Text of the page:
I'm not sure what your point is here. The Western Rite Vicariate of Antioch was formed before the Novus Ordo, in 1958. The approval of their liturgical heritage (corrected of course) was merely what their received tradition was. Are you implying we have to "change with the times"?
3. If we must take what was handed down to our generation in the mainstream West, which is the Novus Ordo and the 1978 BCP, there is the problem that these themselves were not cases of "handing down" from the Christian past.
The approval of the Rite of St. Tikhon happened in 1977, before the '78 BCP, and indeed, what was approved was the American Missal
anyway. And, yes, they were "handed down" from the Christian past, blending much with the received tradition found in the "Tridentine" missal tradition.
The Sarum Use is just a variant of the ancient Roman rite, as is the Tridentine Use, but the Novus Ordo is a serious break with the past, and likewise the 1978 Episcopalian creation. So you defeat the principle.
Again, I'm not sure what you mean. Both of the approved liturgies of the AWRV happened before either of the ones you mentioned, as the received tradition of the parishes entering, and continuing on in a living tradition to today.
4. If you decide, "Well, we'll use what came down to the 1960s fairly intact (Tridentine Use of the Roman rite, 1928 form of the Anglican), since they are somewhat modern," you can't reconcile that to the fact that they are by now foreign to almost all Roman Catholics and Anglicans in the world.
Why would that matter? For evangelizing purposes?
So what you're doing, is making a bold strike at doing something Orthodox, over doing something familiar or well-known to people. Catholics today who can remember pre-Vatican II, are not many in number, e.g. Same with Anglican liturgy--the 1928 BCP is not something mainstream Anglicans/Episcopalians know anymore. So, IF you are going to do something unfamiliar to Westerners anyway, on the grounds that it is more Orthodox, the crowning logic of that bold act is to use things still more Orthodox in teaching and culture, due to their having continuity with the West's Orthodox past. One example (and not the only one possible!) would be the Sarum Use of the Roman rite.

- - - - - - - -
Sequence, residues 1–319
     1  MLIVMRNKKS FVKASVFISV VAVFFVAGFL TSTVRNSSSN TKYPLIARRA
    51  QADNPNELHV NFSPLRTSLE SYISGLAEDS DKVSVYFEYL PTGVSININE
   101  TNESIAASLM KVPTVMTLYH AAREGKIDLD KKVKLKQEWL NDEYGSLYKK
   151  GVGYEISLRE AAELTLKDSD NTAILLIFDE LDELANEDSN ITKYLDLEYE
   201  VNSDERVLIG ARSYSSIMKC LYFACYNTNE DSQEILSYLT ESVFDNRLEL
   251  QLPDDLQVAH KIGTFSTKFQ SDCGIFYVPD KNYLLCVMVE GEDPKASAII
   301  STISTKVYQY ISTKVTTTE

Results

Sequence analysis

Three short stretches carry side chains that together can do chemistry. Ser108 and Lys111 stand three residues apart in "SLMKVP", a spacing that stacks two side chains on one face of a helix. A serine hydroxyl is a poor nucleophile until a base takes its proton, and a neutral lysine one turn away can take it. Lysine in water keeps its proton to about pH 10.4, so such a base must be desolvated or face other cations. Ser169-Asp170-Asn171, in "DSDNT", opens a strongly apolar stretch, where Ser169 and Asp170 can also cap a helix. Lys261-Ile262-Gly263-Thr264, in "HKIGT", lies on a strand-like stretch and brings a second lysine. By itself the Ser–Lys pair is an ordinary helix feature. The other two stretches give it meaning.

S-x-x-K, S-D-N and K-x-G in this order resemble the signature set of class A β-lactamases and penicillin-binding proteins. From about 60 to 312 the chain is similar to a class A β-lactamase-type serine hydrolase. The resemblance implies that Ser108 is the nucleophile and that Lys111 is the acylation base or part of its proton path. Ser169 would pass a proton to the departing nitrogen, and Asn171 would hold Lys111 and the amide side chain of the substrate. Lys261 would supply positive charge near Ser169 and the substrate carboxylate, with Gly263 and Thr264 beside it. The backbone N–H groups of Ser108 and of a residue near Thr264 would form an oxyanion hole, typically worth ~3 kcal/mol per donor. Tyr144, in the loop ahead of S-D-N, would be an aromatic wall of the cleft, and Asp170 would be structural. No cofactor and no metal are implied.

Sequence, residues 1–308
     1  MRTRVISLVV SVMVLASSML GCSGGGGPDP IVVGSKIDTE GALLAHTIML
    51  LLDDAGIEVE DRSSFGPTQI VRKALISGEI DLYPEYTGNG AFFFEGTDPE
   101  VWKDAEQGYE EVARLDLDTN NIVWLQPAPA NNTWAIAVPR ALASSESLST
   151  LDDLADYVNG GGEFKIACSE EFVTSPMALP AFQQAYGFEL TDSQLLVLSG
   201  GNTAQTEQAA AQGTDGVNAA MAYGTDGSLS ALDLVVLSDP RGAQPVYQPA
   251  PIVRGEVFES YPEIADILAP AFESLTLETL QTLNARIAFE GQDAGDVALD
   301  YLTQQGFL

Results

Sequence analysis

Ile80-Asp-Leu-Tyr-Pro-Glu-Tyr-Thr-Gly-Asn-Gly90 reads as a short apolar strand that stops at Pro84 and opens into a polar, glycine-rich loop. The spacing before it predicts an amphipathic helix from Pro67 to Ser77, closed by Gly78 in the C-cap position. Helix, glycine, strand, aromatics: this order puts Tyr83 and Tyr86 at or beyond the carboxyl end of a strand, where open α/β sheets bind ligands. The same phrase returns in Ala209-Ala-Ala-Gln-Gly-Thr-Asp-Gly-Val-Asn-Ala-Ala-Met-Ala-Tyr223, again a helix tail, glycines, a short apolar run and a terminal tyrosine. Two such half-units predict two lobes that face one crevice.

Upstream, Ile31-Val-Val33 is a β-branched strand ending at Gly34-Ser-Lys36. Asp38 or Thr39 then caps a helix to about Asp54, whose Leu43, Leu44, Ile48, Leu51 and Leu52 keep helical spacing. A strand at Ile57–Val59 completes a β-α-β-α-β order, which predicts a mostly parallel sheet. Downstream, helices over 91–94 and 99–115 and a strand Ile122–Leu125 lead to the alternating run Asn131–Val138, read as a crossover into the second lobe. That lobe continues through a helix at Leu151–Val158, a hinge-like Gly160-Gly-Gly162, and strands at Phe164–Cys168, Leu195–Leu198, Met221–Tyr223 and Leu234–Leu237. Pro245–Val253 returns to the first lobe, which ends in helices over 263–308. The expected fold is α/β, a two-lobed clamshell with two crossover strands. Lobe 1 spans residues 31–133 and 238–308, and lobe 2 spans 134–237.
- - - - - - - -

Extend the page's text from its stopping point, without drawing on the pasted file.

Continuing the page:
If we were talking about liturgies that were in the process of being approved today
, I suppose I could follow what you're getting at. But we're not. The approved liturgies have been approved for decades
. And the communities using them have been doing so for decades. Those parishes know nothing else.
5. But, as Christopher pointed out, the Sarum Use and other older uses, like the monastic uses of the Roman rite, were in continuous use throughout all the intervening centuries since the Reformation. The Sarum was done in the 10th century, and 11th, and 12th, and 13th, and 14th, and 15th, and 16th, and 17th, and 18th, and 19th, and 20th., and now 21st (though sometimes on a very small scale). So it is not so much a break in the Roman tradition, as the more Orthodox-leaning part of that tradition. And out of the two words "Western" and "Orthodox," isn't the more important word "Orthodox"?
That's great. I did not know that the Sarum had continued use. From what I've seen/read on it, it's a beautiful liturgy and I wish it all the success in the world.